A Strong Husband Submits to God
I was talking with a friend the other day about 1 Peter 3:7 and how it’s so different from Paul’s teaching to husbands. If you go to a classic passage like Ephesians 5 you will find a lengthy challenge to husbands to love their wives as Christ loves the church. But Peter’s counsel if much briefer, and on the surface may even feel much more attainable.
My friend jokingly said, “well Peter knew what marriage was really like. What does Paul know about marriage anyways? He was single!” My friend was kidding of course, but the more I studied this passage the more I realized how untrue our joking was. Peter’s words to husbands may lack Paul’s theological depth but he makes up for it with practical breadth. Peter’s requirements for a strong husband are not easy. It will require more than you think.
This week we’ll look at Five Requirements for Strong Husbands from 1 Peter 3:7, which says: Likewise, husbands, live with your wives in an understanding way, showing honor to the woman as the weaker vessel, since they are heirs with you of the grace of life, so that your prayers may not be hindered.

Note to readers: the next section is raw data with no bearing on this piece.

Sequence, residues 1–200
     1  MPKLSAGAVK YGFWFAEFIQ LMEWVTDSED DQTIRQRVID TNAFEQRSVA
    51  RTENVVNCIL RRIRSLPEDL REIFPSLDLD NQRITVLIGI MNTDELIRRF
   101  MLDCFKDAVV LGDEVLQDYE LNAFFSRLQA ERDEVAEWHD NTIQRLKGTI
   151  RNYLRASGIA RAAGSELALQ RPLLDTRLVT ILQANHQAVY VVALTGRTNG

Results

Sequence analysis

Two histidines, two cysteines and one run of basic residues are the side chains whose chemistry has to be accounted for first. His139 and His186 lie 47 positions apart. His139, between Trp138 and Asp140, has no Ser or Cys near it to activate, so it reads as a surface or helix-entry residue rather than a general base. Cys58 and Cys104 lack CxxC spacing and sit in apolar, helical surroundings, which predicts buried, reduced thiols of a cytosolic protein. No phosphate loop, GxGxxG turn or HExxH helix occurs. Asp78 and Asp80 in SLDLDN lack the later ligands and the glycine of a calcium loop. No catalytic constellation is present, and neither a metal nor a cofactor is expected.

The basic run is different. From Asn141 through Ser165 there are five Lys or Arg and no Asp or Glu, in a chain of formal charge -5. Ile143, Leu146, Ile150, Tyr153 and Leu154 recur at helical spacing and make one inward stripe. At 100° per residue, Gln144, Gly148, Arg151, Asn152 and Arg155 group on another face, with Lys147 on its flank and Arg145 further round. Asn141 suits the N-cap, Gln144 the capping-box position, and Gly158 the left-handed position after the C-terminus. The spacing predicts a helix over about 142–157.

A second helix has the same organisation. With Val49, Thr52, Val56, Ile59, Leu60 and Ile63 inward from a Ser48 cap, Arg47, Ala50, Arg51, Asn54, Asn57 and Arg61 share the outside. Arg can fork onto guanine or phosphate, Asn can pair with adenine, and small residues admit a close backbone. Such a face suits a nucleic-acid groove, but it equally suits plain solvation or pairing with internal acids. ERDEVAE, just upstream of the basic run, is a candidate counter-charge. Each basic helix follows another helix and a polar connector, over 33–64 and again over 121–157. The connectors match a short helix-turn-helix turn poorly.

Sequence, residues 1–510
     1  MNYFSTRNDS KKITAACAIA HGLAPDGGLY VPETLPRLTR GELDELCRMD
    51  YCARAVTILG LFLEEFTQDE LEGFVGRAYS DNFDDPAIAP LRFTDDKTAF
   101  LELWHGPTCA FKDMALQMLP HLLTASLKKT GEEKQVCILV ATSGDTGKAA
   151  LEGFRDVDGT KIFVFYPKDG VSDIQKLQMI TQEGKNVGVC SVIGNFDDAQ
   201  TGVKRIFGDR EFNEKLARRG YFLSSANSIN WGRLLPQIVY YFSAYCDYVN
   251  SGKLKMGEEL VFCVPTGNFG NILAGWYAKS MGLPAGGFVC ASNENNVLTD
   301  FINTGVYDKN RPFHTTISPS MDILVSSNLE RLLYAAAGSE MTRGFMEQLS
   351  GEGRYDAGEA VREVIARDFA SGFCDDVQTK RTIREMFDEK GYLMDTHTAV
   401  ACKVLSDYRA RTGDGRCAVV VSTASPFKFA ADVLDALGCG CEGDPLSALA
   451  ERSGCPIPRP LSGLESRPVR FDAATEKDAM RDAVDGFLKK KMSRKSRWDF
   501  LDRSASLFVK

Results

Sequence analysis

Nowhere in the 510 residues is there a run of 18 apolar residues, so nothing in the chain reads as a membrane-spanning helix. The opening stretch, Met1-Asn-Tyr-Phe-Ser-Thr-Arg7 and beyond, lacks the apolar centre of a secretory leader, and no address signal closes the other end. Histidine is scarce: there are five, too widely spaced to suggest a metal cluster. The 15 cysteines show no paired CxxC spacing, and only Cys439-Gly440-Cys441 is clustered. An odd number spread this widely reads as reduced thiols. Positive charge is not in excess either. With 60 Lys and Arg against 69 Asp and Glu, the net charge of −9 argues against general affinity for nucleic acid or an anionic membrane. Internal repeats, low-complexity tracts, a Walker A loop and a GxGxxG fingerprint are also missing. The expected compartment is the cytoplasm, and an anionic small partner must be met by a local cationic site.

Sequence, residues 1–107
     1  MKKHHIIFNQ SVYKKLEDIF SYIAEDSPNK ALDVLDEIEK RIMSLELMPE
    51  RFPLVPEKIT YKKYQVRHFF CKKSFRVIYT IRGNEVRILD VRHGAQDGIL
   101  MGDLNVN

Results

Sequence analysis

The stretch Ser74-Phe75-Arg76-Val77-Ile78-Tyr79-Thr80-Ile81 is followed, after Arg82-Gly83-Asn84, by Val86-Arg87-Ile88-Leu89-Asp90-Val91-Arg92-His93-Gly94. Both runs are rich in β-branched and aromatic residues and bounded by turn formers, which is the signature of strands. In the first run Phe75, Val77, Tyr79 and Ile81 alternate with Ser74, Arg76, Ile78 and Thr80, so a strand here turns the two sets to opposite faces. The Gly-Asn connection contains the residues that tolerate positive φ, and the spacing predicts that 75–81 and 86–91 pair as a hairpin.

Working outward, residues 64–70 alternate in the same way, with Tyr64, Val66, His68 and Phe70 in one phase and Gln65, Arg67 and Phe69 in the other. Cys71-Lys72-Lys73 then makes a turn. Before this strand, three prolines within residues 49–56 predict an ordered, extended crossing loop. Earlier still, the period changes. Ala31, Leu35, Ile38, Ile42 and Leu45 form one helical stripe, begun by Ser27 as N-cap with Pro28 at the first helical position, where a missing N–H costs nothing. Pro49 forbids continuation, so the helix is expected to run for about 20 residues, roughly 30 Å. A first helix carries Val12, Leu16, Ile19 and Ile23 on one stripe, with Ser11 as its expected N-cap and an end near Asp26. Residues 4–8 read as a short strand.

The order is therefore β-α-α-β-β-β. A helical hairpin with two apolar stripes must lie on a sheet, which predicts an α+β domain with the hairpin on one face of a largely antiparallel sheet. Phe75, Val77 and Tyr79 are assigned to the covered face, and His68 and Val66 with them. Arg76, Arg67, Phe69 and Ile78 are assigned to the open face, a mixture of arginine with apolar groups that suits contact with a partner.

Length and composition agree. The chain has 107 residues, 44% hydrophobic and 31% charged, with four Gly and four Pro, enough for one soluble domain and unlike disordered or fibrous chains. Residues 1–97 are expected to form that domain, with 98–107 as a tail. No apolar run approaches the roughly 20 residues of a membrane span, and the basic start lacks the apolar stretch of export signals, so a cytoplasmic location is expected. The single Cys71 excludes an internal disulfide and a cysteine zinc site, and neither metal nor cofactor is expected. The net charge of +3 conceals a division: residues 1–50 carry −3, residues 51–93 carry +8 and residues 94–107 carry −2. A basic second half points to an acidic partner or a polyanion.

Today let’s begin with the first requirement of a strong husband. If you want to be a strong husband, you must SUBMIT TO GOD.
Notice that verse 7 begins with the two words “Likewise, husbands.” If you study this letter closely, you’ll notice this is the second of three times that Peter uses the word “likewise.” In 3:1, he says “likewise, wives, be subject to your own husbands”. In 5:5, he says, “likewise, you who are younger, be subject to the elders.” Why does Peter use that word “likewise” here?
It’s not, as some have suggested, because husbands are called to submit to their wives. Christian feminists have been twisting Scripture for decades, teaching a concept sometimes called “mutual submission.” This idea is taken from passages like Ephesians 5:21 which teaches church members to “[submit] to one another out of reverence for Christ.” Now of course Ephesians 5:21 is true, there is a sense in which all Christians are called to cultivate an attitude of submission to one another. Our relationships towards one another should be like the timid driver at the four-way stop. We’re constantly waving each other to go on ahead. We don’t insist on our own way but constantly defer to the will of others.